The City of Cape Town, aided by business and religious sectors and backed by provincial government, is making substantial progress in the fight against substance abuse.
“Individuals, organisations, and governmental departments have created their own plans in isolation for too long,” says Letitia Bosch, City Substance Abuse Co-ordinator. “We recognise that work needs to happen together in order to bring about progressive change, so we’ve joined up with NGOs, CBOs, FBOs; officials from provincial and local justice; police, probation and correctional services; education, health, social development, business and community structures to work toward a common goal.
“These entities will work with City subcouncils, ward forums, sub-district health forums, community police forums and civil society.”
The collective effort is already reaping results. Provincial and local government are consulting on joint projects; a new treatment model for drug and alcohol abusers has been instituted; and two new City centres for substance abusers are to be launched to complement the two that opened in 2008.
The treatment, which is offered free of charge, is based on methods developed by the Matrix Institute in the USA. The goal of the model, which is a 16 week structured programme for adults, is to provide help so that addicts can stop using illicit substances, stay in treatment, learn about addiction and relapse, receive ongoing support from a trained therapist, become involved in self-help programmes and be monitored. Treatment sessions, which involve individual, group and family therapy, are offered three times a week.
The treatment is offered on an outpatient basis at the Tafelsig Matrix Site in the Tafelsig Clinic (021 397 8195/ 397 8906) and the Tableview Matrix Site in the Tableview Clinic (021 557 1065/6). A third matrix site will open in Delft South in the near future and a fourth one is on the cards, although the location is still to be finalised. Anyone willing to receive treatment for a substance abuse problem can either call or visit the matrix site closest to them. They will be screened on the same day and will either slot into the programme or be referred to the appropriate help for their particular situation.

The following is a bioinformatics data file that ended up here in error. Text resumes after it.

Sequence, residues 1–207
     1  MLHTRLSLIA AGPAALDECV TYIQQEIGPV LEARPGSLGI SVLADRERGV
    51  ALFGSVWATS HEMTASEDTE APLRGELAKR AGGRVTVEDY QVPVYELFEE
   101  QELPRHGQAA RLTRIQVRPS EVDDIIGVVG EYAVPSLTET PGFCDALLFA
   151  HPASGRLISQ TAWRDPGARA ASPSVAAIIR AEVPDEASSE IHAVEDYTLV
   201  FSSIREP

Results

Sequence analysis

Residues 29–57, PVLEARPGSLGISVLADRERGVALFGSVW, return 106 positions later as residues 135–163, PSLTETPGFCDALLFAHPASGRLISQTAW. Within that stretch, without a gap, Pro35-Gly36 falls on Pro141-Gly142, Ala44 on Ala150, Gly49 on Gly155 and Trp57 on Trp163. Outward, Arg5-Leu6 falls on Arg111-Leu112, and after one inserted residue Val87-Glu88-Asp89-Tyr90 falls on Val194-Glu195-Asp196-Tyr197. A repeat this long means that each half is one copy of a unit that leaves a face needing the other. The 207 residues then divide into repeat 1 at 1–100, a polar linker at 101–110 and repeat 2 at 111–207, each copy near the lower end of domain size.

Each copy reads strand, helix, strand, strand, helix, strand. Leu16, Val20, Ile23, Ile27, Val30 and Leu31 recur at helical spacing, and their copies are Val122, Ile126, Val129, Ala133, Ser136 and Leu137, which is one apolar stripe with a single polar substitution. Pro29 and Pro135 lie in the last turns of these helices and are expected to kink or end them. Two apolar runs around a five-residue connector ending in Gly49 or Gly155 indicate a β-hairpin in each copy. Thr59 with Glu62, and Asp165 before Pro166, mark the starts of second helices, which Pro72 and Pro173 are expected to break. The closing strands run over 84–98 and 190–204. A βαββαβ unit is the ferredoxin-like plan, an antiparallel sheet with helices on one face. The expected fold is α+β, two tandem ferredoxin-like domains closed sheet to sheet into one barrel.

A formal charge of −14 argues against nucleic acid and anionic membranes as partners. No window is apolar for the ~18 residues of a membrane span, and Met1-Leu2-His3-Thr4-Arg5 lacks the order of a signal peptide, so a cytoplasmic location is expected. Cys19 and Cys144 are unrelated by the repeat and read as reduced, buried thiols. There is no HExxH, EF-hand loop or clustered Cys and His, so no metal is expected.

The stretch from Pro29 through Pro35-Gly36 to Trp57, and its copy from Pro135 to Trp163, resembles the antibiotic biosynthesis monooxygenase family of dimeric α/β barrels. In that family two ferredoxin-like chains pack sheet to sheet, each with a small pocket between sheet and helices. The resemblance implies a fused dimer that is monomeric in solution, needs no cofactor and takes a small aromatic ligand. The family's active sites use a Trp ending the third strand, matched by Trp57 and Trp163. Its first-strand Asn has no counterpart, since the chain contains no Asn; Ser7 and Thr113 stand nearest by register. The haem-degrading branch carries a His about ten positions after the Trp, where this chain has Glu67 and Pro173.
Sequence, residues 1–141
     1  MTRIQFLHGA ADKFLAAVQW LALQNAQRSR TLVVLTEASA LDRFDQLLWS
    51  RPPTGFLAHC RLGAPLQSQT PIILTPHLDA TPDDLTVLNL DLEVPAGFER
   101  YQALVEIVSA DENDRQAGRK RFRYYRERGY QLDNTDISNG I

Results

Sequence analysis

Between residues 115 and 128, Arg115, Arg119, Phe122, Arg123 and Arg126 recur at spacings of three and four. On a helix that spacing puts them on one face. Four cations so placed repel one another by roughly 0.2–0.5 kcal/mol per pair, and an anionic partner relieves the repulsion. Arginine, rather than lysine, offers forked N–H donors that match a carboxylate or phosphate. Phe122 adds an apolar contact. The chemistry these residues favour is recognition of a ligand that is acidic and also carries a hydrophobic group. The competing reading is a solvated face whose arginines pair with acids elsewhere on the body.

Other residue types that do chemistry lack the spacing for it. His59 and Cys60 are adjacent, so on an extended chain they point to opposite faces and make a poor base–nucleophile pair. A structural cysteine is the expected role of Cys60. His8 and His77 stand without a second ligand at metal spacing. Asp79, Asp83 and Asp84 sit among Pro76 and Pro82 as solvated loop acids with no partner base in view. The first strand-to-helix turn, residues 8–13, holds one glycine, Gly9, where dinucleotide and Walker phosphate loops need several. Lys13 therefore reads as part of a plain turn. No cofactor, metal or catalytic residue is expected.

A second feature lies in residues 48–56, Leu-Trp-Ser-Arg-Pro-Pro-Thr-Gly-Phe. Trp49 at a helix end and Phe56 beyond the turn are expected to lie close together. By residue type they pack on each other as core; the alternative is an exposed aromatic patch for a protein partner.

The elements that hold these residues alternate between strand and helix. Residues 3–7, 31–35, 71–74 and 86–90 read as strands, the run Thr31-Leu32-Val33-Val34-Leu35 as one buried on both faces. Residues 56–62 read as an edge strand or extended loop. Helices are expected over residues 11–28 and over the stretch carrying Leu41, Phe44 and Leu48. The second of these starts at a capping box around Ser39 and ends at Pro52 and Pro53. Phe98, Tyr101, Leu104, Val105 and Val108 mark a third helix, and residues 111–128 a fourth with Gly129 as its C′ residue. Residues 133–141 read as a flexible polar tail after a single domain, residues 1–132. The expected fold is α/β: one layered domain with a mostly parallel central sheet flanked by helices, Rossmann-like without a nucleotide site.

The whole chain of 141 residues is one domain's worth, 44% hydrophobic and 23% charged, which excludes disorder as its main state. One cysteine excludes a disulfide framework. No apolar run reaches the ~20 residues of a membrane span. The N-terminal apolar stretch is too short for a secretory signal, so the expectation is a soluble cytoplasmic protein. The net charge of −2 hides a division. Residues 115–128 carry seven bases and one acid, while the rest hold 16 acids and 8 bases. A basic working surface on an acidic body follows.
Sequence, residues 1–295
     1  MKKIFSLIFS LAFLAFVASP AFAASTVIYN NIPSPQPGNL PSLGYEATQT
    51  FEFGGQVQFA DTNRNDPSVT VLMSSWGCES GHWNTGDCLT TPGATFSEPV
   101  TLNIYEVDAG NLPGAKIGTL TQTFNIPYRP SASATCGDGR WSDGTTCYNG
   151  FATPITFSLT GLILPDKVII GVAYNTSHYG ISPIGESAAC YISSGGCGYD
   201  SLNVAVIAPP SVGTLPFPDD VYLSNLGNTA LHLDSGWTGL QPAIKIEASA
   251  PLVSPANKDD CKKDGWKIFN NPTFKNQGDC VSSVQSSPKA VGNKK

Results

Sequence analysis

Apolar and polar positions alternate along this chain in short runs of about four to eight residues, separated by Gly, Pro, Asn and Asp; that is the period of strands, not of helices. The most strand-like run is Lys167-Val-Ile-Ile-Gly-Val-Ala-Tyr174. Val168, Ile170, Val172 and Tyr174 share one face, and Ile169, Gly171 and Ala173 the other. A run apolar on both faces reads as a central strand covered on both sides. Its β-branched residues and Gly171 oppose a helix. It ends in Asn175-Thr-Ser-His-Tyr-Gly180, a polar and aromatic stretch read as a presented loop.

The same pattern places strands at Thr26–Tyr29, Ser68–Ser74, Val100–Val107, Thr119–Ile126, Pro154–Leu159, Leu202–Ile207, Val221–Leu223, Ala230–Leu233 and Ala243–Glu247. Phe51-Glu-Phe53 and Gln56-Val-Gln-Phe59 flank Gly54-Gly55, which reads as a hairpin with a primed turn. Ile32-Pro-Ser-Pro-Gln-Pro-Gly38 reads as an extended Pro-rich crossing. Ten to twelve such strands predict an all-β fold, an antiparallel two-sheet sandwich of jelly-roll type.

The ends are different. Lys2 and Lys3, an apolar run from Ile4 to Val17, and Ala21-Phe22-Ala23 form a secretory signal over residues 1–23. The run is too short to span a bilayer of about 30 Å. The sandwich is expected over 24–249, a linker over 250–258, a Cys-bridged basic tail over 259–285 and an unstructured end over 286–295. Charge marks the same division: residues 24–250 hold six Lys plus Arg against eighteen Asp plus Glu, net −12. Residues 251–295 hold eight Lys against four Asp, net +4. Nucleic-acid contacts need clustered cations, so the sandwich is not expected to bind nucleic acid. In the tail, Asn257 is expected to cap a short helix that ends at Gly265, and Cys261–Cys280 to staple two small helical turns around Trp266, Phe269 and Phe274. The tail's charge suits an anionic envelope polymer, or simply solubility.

People seeking general advice can also phone the City’s 24/7 Alcohol and Drug Helpline on 0800 43 57 48 (0800 HELP 4 U). Eight trained staff, working two per shift, provide general information and refer callers to the appropriate resource. They do not offer counselling.
“We also intend looking at best practice prevention methods and starting the process of formalising standard preventative programmes which can be used by all City departments involved with prevention programmes,” says Ms Bosch.
“Presently, areas are being targeted for prevention as determined by requests from communities and community organisations.
The City wants to make information and treatment accessible to local residents. It seeks to link help with those in need. It is also about getting everyone involved and committed to tackling the problem, says Ms Bosch.
According to the Medical Research Council (MRC) more than 50% (six out of ten) of those in treatment centres in the Western Cape are under 20 years of age and use Methamphetamine (Tik) as their primary drug of choice. Tik, alcohol and dagga are the most common drugs used. Recent statistics show that Cape Town also has one of the highest number of heroin users in the country – in excess of 15 000. Illicit use of these substances places a hefty burden on the City and Province’s health, social welfare and criminal justice systems, and wreaks untold damage on individuals and family and community systems.
“Illicit drugs affect all of us in one way or another” says Councillor Grant Pascoe, Mayco member for Social Services. “We all know someone, who knows someone who has a loved one with a drug problem. It is not only the user who is affected - the entire family suffers. Illicit drugs contribute to crime, particularly violent crime; child abuse and neglect, family violence and mental and physical health problems - not only for the user, but family members as well. The solution lies in tackling both the demand and supply of drugs.
“Illicit drugs know no boundaries of race, gender, religion or financial and social status. They damage individuals, families and communities around the world on many different levels,” he says.
The City’s work in combating illicit drug use is based on its Alcohol and Drug Operational Plan for 2007–2010. The plan underpins its alcohol and drug related programmes and policies and is informed by the National Drug Master Plan (2006–2011), which has itself been drafted in accordance with the stipulations of the Prevention of and treatment of Drug Dependency Act (No 20 of 1992).